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your lacking information for the problem in your post
APR of $1, compounded is:\[(1+\frac rn)^n\] APY is the rate it would have been if it had been stated at a compounding of 1 year:\[(1+k)\]where k is the APY \[1+k=(1+\frac rn)^n\] \[k=(1+\frac rn)^n-1\]
Yes it is a bit vague isn't it? Would this be the answer to my question or a formula to plug my own numbers into?
this is a general formula to aid you along the way let r be the rate that is compounded, let n be the number of times a year it gets assessed, and then k (or the APY) is just a function r and n as stated
since the APR and the APY give the same "values" at the end of the year, the strategy lies in how people relate the value of a rate to their investments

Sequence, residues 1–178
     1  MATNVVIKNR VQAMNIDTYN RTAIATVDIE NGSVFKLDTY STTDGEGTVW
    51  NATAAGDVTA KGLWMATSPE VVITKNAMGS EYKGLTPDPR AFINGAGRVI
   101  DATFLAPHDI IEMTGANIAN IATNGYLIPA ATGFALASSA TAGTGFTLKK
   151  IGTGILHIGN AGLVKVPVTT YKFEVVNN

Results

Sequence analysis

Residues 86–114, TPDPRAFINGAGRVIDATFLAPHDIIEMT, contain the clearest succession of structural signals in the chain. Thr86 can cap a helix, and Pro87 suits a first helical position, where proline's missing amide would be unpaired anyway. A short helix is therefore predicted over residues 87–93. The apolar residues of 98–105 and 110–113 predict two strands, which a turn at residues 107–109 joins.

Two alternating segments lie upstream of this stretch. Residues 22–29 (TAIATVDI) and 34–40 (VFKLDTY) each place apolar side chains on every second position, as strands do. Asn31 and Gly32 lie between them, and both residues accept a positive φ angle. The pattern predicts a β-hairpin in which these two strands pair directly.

I am supposed to create my own scenaario here. But I can't come up with a rational one to really protray the relationship between apr and apy.
usually, a higher numerical value attracts more investors on a psychological level
think of a rate ... think of how many times a year you want to assess that rate ...
okay so. 15.5% compounded monthly
then r = 15.5, n=12 and k = (1+.0155/12)^12 - 1
got my decie in the wrong spot :) 0.155/12 that is
APR = 15.5 % APY = 16.6449 % according to the workings of my patent pending formulas
Ah okay, this seems to make it more concrete. thank you :)
youre welcome; and just to fix a typo ... APY = 16.6499 % these old eyes aint what they used ta be
Ahaha, I was checking that on my calculator and I noticed that too, no worries. It happens to the best of us!